First, quick life update! On Sunday I’m going to Houston for 17 days for work, and I’m not quite sure how that will affect my blogging… it may be business as usual or I may drop off the face of the planet for a couple of weeks, but just so you know, that’s where I’ll be! Also, if you have any idea of things to do in Houston, please tell me. I have no idea what to do in Houston.
So, to celebrate the fact that I am getting away from my hellish northern winter, I’m doing this wintry book tag, which I borrowed from Callum.
Snow: It is beautiful when it first falls, but then it starts to melt. A book/book series that you loved at the beginning, but then, at the middle of it, you realized you don’t like it any longer.
The Immortalists by Chloe Benjamin. The prologue was wonderful and intriguing, and sets up a brilliant premise: how would you live your life if you knew the date you were going to die? But then the book was split into four chapters, one each from the perspective of four siblings, and I found I liked each chapter less than the one that came before.
Snowflake: Something beautiful and always different. Choose a book that stands out, that is different from all the other books you’ve read.
The Wind-Up Bird Chronicle by Haruki Murakami. This book is like… a weird contemporary odyssey through the darkest corners of Tokyo, that follows a man who starts out the novel looking for his wife’s cat. It’s like Alice in Wonderland meets Stanley Kubrick’s Eyes Wide Shut meets Ulysses meets… I don’t know, I’m struggling here. But it’s weird. I’ve read and enjoyed Murakami in the past, but I only ended up giving this one 3 stars. Even I have a weirdness threshold, apparently. Some parts of this worked for me more than others.
Snowman: It is always fun to make one with your family. Choose a book that a whole family could read.
The Night Circus by Erin Morgenstern. I have no idea if I liked this book. I could honestly make an argument for it getting 1 star or 5 stars depending on my mood. (The prose and atmosphere were striking, but the plot and characters left a lot to be desired.) But there’s no doubt that it’s a compelling, enchanting read that people from many different ages could find the magic in.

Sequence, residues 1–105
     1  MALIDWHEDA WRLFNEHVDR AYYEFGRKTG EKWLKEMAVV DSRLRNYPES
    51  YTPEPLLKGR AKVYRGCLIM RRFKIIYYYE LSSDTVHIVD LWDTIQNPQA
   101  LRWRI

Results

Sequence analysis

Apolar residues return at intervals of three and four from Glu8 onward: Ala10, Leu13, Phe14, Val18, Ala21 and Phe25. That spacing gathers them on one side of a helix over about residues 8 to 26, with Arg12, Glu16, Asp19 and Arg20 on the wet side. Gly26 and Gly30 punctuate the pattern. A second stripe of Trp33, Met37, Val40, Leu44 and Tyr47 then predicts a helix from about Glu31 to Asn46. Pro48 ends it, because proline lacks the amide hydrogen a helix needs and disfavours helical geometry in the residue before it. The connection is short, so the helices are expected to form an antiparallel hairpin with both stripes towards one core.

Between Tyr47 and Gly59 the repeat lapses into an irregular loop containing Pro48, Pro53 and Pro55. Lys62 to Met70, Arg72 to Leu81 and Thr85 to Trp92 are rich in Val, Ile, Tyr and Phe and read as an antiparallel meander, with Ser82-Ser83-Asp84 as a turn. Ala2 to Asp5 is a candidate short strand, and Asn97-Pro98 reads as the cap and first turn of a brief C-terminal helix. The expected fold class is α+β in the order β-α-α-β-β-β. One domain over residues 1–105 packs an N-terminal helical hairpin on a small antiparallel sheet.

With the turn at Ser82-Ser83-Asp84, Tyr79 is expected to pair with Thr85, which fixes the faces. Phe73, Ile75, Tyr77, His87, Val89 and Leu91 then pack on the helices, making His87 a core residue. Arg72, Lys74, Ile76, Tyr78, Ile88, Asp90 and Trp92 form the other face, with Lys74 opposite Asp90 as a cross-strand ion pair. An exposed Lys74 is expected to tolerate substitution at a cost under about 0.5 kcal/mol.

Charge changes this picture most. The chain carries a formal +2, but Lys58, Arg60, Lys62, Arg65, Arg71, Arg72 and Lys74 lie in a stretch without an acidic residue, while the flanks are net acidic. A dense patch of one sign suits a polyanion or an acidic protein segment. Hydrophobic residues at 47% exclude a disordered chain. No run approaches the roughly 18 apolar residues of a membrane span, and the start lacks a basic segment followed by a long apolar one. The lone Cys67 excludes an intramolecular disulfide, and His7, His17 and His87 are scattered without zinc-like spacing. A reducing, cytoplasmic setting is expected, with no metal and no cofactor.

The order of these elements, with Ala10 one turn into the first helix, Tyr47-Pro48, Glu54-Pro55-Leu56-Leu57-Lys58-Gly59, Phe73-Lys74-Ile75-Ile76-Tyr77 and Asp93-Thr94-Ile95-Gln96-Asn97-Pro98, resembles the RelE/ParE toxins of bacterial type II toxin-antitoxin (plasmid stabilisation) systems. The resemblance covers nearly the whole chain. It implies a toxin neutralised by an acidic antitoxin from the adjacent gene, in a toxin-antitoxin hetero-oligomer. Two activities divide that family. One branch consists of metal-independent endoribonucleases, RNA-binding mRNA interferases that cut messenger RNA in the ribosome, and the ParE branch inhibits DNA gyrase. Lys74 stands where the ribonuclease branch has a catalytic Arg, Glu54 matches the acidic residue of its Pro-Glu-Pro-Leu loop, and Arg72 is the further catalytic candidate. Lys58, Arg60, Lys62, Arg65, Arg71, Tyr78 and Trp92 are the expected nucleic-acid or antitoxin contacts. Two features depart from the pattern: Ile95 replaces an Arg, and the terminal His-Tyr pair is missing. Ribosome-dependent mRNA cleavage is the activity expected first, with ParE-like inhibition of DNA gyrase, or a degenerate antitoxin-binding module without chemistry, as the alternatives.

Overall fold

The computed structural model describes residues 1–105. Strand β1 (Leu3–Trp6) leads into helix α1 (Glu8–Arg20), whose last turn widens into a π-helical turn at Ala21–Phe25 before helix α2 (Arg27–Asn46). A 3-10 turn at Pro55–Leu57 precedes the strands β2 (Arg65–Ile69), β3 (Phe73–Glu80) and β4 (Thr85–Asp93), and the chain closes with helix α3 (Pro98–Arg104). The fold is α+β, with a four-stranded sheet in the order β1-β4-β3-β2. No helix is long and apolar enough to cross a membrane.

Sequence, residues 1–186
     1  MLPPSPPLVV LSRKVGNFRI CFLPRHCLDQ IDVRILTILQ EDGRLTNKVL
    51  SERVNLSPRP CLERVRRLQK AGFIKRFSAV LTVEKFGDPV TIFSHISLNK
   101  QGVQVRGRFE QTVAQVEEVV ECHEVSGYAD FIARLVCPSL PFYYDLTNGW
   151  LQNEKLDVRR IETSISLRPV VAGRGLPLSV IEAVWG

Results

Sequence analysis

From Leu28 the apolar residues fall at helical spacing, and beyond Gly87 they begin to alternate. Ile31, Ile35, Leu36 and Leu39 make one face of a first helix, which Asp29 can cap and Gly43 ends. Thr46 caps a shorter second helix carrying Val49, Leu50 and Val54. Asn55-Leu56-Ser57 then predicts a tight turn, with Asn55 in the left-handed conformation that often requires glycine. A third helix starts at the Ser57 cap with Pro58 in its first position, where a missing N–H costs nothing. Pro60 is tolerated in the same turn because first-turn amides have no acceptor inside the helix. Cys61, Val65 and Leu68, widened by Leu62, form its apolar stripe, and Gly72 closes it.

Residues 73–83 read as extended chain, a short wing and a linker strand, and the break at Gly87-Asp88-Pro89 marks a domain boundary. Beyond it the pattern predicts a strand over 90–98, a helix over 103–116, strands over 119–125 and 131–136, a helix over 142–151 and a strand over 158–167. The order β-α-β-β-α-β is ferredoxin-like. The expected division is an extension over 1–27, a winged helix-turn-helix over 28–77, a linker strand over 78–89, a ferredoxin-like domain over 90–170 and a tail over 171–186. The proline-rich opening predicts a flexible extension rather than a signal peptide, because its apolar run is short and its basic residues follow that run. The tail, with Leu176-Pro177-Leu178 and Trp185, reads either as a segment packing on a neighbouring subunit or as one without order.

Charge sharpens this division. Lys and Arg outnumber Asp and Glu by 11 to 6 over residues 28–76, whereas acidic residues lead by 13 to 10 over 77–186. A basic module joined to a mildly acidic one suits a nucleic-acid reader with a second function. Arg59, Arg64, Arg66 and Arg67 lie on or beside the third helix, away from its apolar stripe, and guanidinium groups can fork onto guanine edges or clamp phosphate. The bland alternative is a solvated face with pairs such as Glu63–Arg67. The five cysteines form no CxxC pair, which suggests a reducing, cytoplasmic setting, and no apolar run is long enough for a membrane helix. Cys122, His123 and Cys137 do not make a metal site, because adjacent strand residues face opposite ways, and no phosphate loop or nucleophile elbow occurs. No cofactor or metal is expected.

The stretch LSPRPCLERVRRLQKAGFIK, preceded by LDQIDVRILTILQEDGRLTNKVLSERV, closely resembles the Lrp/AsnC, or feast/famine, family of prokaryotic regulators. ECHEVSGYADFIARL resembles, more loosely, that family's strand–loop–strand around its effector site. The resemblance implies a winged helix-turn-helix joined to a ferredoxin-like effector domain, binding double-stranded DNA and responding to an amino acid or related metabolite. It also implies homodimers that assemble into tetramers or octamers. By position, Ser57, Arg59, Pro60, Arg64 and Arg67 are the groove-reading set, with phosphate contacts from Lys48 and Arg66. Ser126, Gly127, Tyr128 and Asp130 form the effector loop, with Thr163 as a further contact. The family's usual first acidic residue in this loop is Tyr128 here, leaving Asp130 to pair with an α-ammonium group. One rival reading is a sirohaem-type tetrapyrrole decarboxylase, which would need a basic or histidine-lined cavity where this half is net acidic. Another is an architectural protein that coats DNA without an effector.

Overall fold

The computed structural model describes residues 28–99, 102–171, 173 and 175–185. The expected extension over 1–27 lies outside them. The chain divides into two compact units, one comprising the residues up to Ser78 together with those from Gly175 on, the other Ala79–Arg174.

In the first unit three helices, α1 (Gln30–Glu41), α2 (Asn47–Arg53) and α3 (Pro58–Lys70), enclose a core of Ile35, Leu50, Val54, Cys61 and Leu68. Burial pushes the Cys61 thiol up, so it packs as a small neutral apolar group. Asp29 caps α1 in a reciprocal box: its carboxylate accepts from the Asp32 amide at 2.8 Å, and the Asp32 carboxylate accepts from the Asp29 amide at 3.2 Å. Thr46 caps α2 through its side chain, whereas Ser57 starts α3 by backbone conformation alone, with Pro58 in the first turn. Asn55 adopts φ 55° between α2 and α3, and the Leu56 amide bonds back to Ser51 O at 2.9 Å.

Christmas: Choose a book that is full of happiness, that made you warm inside after reading it.
The Price of Salt by Patricia Highsmith. I hate all variations of this question because I don’t read happy books, ever, so I had to scroll all the way back to the beginning of 2016 on my Goodreads shelves to find something that fit the bill. Anyway, The Price of Salt isn’t all lightness and fluffiness, but it’s a beautifully written lesbian romance that doesn’t end in tragedy, and I always smile when I think about the impression it left on me.
Santa Claus: He brings wonderful presents. Choose a book that you’d like to get for Christmas.
Well, Christmas has come and gone, so I’ll talk about a book I got. Women & Power: A Manifesto by Mary Beard. I haven’t read all of SPQR, but I think Mary Beard is a genius, so I was excited when I saw that she’d put together a feminist nonfiction work. Supposedly it’s about how history has treated women in positions of power, and the relationship between power and gender. I’m quite excited to read it.
Snowballing: It can be painful to be hit by a snowball. Choose a book that hurt, that made you feel some strong emotion, like sadness, or anger.
Never Let Me Go by Kazuo Ishiguro. I’ve read this… I believe only twice, but both times, I’m filled with such a strong sense of aching sadness throughout the whole book, and then the ending absolutely shatters me. There’s such a strong sense of sadness and anger and abject helplessness for these characters’ situations.
Sledding: We all loved it when we were younger. Choose a book that you loved when you were a child.
Did you guys read Sharon Creech when you were younger? I don’t even remember why, but I think I read all of her books in elementary school… And I saw her give a talk on Love That Dog after it won the Dorothy Canfield Fisher Award (a tiny literary award that’s voted for by Vermont schoolchildren). Anyway, Love That Dog is a novel in verse in the style of Walter Dean Myers’ poetry, and it’s really cute, so if you like children’s books you should check it out.
Frostbite: Choose a book that you were really disappointed in.
Mr. Penumbra’s 24-Hour Bookstore by Robin Sloan. The main character works at a bookstore in San Francisco which attracts a strange clientele, and he starts to realize the bookstore and its enigmatic owner hold some kind of secret. Sounds awesome. It was not awesome. It’s like…. convoluted and boring, and the bulk of this book is the author thinking he’s funny because he makes boob jokes. Ha, ha.
Reindeer: Something that is dear to us. Choose a book that is of great sentimental value to you.
The Iliad by Homer. I met Caroline Alexander a few months ago and she signed my Iliad and I was intimidated by her brilliance.
Not tagging anyone – if you do it pingback to me so I can read your answers! 🙂